My dad was very upset! Laban had tricked him. Laban said, “Hey, I told you that the oldest daughter must get married first. No one else had asked to marry Leah, so you got her.” What do you think of that? Was that fair to Jacob, or to Leah, or to Rachel? (allow children to respond)

In your day and man or a woman could get in big trouble if they were married to more than one person at the same time. Back in those days, though, that was thought to be OK, so Laban said, “Be a good husband to Leah. If you also want to marry Rachel, I’ll let you marry her, too.” So, after about a week or so, there was another wedding and my father and mother married each other.

If some of you or some of your friends live in blended families with step-parents or step-brothers and step-sisters, you know that there are good things about it, but it can also be kind of confusing about who is in charge. Family members sometimes argue about who loves whom the most! Imagine if all of the family lived in the same house all the time. That’s what life was like in my household. Leah had a lot of sons, but for many years I was Rachel’s only child.

Then, something wonderful and horrible happened at the same time. My mother, Rachel, had another baby boy. My brother Benjamin was born. He was healthy, and it was wonderful to have a full brother of my own. Something happened, though, as he was born and my mother, Rachel, died! We were all so sad, but I think it was the very hardest on my dad. He had loved her so very, very much.

Aunt Leah became my full-time mom, then, and she was very nice. She and my dad got along fine, and dad was good to all of his boys. It became obvious, though, that he had a special bond to Benjamin and me because we reminded him of our mother. My stepbrothers didn’t like that one bit, and got angry when my dad bought this special, beautiful coat especially for me.

My attitude didn’t help either, I don’t suppose. God had given me the ability to know what dreams meant, and I told my brothers that I had some dreams where they were all bowing down to me, like they were my servants. They thought I considered myself better than them. It also didn’t help that I was kind of a tattletale. I told my dad when my brothers were being lazy, or doing things that they shouldn’t be doing.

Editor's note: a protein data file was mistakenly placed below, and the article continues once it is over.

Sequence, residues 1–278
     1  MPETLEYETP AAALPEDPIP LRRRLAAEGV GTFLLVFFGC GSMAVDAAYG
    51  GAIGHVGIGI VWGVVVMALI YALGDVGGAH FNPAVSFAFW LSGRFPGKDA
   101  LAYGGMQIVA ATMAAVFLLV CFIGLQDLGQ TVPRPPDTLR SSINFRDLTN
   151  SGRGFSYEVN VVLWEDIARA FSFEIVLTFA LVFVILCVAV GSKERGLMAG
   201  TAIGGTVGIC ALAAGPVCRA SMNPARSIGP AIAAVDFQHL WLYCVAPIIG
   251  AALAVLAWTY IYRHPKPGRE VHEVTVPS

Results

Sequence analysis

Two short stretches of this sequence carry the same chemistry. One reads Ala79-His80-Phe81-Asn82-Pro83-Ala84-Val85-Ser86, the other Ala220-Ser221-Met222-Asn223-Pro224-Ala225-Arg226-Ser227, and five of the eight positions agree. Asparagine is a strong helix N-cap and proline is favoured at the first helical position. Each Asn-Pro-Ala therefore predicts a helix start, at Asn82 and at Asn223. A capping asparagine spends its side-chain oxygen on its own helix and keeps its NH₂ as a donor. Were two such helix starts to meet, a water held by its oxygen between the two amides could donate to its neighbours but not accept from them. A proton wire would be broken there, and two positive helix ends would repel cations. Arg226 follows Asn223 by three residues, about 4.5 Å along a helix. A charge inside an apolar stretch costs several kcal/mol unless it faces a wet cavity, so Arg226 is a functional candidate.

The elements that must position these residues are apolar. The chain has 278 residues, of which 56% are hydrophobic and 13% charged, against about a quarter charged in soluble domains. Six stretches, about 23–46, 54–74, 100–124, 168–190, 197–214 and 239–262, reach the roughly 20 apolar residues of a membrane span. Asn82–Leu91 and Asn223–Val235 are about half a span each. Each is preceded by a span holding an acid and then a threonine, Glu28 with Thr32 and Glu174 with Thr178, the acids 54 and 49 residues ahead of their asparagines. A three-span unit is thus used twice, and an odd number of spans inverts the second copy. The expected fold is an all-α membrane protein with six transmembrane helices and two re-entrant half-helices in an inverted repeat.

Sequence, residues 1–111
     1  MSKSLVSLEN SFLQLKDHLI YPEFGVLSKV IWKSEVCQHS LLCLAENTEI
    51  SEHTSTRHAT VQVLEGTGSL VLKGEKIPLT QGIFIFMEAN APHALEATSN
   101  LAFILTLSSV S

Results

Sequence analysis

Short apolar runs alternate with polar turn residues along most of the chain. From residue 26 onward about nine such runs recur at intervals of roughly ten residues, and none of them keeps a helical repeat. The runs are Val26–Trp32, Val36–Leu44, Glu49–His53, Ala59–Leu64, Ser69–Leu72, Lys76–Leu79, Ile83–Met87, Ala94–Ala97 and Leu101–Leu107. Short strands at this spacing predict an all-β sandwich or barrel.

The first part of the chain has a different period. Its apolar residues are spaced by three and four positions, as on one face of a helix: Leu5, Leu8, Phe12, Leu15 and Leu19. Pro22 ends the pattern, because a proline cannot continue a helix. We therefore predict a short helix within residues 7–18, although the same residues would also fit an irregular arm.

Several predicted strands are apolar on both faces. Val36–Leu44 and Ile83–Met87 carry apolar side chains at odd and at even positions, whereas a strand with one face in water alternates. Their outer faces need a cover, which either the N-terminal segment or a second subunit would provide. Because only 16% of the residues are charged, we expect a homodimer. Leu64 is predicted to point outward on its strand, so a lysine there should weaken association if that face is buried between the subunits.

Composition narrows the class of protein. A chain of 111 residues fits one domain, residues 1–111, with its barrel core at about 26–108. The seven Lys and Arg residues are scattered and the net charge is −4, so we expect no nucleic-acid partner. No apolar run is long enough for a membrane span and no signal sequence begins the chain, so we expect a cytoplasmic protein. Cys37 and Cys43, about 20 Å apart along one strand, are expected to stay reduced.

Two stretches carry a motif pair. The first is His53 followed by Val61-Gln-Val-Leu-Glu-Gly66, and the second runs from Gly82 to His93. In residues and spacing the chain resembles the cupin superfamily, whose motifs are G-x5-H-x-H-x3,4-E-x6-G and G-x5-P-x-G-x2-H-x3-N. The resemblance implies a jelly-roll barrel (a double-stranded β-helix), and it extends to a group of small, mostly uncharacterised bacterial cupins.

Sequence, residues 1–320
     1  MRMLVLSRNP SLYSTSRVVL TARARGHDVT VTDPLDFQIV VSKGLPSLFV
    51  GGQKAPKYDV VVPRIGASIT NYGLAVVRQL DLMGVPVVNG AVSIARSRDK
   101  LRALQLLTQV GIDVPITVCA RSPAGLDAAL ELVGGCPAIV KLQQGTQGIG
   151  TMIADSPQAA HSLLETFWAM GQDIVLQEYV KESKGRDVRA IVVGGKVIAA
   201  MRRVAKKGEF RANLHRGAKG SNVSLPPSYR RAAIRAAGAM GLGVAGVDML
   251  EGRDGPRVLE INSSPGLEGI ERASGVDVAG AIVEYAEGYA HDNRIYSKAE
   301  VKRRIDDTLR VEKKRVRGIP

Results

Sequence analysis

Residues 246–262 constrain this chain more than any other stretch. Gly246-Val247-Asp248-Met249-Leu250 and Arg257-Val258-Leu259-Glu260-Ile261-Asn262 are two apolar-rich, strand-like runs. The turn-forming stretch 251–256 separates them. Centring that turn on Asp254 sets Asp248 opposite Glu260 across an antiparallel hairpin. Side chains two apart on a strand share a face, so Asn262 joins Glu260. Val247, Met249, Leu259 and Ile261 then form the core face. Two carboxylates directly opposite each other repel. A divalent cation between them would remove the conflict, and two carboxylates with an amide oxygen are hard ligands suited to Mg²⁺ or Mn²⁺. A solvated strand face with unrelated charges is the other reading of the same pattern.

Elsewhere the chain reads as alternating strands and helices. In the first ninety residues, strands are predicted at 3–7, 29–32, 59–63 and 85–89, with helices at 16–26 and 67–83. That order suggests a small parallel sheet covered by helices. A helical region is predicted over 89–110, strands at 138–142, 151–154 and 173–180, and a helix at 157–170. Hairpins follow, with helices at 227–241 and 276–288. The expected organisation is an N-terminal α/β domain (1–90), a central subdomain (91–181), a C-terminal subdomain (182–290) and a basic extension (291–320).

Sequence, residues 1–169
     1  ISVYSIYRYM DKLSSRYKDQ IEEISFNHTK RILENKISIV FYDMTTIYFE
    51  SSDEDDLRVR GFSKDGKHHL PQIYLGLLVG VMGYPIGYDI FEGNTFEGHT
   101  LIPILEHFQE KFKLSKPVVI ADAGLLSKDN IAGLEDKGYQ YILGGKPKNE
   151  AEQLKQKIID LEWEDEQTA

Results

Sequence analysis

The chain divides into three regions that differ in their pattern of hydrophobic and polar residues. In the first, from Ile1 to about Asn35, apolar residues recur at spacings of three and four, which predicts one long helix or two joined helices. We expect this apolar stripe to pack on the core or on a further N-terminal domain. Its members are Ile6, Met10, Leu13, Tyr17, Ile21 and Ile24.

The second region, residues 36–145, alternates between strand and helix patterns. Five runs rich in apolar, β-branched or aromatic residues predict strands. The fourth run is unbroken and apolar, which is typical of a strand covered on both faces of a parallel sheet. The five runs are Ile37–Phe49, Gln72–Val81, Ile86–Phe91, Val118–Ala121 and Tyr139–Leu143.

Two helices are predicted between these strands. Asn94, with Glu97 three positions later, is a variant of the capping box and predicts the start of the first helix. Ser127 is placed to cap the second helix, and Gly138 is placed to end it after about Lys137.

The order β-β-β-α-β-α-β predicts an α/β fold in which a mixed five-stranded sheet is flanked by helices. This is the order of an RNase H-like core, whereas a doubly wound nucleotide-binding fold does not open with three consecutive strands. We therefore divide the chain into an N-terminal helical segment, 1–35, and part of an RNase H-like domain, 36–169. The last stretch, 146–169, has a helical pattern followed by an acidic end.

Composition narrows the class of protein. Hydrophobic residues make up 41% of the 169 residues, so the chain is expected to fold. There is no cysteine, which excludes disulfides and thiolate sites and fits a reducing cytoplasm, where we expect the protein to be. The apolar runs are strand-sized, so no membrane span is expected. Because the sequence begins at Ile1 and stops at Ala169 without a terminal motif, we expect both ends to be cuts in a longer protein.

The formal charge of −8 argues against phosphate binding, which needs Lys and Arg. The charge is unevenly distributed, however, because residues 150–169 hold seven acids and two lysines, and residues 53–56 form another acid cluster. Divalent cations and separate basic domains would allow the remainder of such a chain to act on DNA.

Finally, one day they did something absolutely awful to me. They sold me to some slave traders going to Egypt, and they told my father that a wild animal had killed me! That leads to a long, long story that we don’t have time for now, but it has an important ending. God used me when I was in Egypt to interpret the dreams of the Pharaoh, the king, and to predict seven years of time without rain, when no crops would grow. I got put in charge of storing grain while the crops were good, so that when the crops failed no one would starve. I have to believe that this was part of the way that God blessed the world through the love that my mom and dad—Rachel and Jacob—had for each other.

I hope that some day, when you grow up, you boys and girls might pray the way that my dad did and ask God’s help in finding the right person to be your husband or your wife, so that you can know God’s blessing through that very special kind of friendship called marriage.

Review/Application

Thank you for being good listeners! Let’s review a little bit and think about the story that we just heard.

Who remembers how Rachel and Jacob first met? (Jacob prayed for guidance, met Rachel at the well as she came to water her flock of sheep)
What do you think Jacob thought when he pulled back the wedding veil and saw that he had just married Leah, instead of Rachel?
How did Jacob and Rachel’s son, Joseph, help a lot of people? (Prepared Egypt for years without rain or crops by storing food)
How is your family like the family that Joseph grew up in? How is it different?
“Joseph” talked about God blessing him and others through his parents. Have you ever thought about the love that your mom and dad have for you as part of the love that God has for you, since God takes care of you through their love and care? That’s something important to think about!

Journal Time:
Copy this month’s memory verse into your journals. Then, draw a picture of your family. Draw a cross over your family as a reminder that God’s love is with you in your family. 

Reflection:

Closing Prayer:
Dear God, we thank you for the love that Jacob and Rachel had for each other, and the way that you used their love, through Joseph, to help many people. Be with each of us, with our parents and our families, so that we can help others, and be examples of your love. Let all of God’s children say…AMEN.


A lesson written by Pastor Ted from: Augustana Lutheran Church.
St. James, MN 

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David Kimsey